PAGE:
After the Denver Nuggets sensational comeback against the hapless Philadelphia 76ers on Thursday night, I tweeted out that I take back every negative thing I’ve ever said about backup shooting guard Corey Brewer. Because without Brewer’s effort on Thursday, the Nuggets don’t even come close to winning that game. And Brewer’s awful performance against the lowly Sacramento Kings on Saturday night notwithstanding, it’s time to commend Brewer for having delivered a solid season all-around.

Brewer has developed into one of those intangible, off-the-bench, “glue” guys that help make decent playoff teams become legitimate conference finals contenders. Always in motion, Brewer wreaks havoc defensively with timely steals, hands-in-the-face defense and disruption of opposing teams’ passing lanes. And on top of that, Brewer has made an assortment of clutch three-point shots this season, giving the Nuggets opportunities to win games that they otherwise would have no shot at winning.

And while you might credit Brewer’s improvement to being part of the 2010-11 NBA Champion Dallas Mavericks, I credit Brewer’s resurgence to his current head coach – George Karl. (Brewer played all of about 21 minutes during the Mavericks 2011 playoff run and was DNP-CD’d from Game 2 of the Western Conference Finals all the way through the entire NBA Finals … hence why the Mavericks didn’t think twice about trading Brewer to Denver – along with Rudy Fernandez – for a second round pick in 2011.) And as Nuggets fan should know well by now, Karl has done this before. Many times before.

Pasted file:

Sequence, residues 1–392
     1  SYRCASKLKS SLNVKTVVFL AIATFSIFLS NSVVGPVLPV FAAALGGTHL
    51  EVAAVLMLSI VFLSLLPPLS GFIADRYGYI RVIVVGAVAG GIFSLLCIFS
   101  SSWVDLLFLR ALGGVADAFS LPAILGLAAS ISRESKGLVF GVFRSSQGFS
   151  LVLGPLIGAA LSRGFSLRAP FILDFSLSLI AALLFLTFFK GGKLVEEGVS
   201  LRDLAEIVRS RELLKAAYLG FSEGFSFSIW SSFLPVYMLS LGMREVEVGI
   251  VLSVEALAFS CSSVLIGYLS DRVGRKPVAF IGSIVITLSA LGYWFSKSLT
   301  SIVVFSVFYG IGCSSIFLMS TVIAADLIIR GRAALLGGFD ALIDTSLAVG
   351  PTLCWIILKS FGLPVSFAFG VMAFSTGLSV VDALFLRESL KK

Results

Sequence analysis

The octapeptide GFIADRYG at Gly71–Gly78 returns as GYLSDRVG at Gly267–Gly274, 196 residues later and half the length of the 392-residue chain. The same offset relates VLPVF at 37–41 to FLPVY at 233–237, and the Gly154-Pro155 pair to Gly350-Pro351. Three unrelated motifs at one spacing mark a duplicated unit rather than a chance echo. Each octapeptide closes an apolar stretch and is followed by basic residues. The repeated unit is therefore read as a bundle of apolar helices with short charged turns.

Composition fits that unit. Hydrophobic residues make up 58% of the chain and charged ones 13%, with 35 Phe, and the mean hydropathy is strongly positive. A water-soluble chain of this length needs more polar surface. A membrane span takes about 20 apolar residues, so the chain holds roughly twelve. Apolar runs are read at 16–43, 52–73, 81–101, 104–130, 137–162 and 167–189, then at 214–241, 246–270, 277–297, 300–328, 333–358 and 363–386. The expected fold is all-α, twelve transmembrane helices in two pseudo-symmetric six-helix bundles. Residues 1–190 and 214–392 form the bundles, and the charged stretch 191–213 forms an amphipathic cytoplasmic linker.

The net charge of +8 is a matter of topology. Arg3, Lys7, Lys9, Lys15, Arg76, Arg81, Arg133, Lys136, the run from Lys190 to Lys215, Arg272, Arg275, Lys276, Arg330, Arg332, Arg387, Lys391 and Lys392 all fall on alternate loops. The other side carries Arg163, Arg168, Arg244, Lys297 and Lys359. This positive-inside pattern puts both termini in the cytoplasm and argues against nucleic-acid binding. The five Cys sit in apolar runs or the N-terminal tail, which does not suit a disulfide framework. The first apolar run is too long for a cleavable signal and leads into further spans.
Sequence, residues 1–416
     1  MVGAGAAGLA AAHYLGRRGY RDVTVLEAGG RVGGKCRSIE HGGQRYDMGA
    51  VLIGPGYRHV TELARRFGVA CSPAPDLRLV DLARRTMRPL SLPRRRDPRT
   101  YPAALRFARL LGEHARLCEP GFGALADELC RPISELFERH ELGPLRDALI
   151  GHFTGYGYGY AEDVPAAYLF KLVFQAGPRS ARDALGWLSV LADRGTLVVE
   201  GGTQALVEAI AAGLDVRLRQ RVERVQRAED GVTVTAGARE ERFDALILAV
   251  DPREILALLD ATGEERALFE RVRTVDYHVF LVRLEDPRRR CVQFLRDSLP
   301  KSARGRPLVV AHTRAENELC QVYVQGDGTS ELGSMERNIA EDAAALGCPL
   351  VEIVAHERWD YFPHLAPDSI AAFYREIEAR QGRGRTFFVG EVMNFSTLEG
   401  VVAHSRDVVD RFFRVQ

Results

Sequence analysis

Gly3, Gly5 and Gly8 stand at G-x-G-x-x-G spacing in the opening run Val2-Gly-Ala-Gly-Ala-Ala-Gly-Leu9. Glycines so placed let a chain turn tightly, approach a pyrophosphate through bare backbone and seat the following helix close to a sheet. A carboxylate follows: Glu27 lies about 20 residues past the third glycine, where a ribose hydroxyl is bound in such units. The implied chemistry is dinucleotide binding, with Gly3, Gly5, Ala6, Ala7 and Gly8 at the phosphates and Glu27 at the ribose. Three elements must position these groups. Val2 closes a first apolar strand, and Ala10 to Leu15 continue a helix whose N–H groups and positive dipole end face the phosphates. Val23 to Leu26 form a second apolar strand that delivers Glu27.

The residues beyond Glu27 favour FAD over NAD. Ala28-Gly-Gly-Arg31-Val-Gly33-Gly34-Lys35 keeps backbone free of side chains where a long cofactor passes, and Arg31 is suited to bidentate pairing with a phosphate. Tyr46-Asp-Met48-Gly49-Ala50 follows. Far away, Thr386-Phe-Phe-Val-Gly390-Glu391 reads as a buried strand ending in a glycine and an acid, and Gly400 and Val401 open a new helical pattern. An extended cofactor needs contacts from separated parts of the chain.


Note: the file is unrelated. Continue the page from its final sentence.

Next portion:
Head coaches get judged in a lot of ways, most notably based on their playoff record (where Karl’s success rate doesn’t come close to his remarkable regular season success rate). But sometimes it’s important to look at the not-so-noticeable things that a coach does, and Brewer seems to be the latest of many admirable reclamation projects for Karl as the Nuggets head coach.

For whatever reason, historically the Nuggets haven’t been blessed with too many able shooting guards over the years. Even lauded two-guards who once donned a Nuggets jersey – like T.R. Dunn and Bryant Stith – couldn’t shoot particularly well from the outside. Instead, the Nuggets seem to get other teams castaways at the two-guard position: Be it throw-ins in trades (like Brewer) or picked up off the free agency scrap heap. Regardless of how they’ve gotten to Denver, Karl has masterfully salvaged a number of would-be disappointing two guards – evident by both how well they’ve performed in Denver and by how poorly they performed pre- and post-Denver.

Karl’s first reclamation project as Nuggets head coach was shooting guard Greg Buckner. Buckner bounced around from Dallas to Philadelphia before landing in Denver as an afterthought free agent in 2004 on a contract paying less than $900,000. As a Nugget for two seasons, Buckner started in 68 games, played about 22 minutes per game (a career high) and rewarded Karl’s trust by posting career highs in field goal percentage, points per game (PPG), and steals per game (spg) and helping the Nuggets compete in the playoffs twice. After signing back with Dallas in 2006 as a free agent, Buckner was out of the league altogether in just three seasons at the age of 32.

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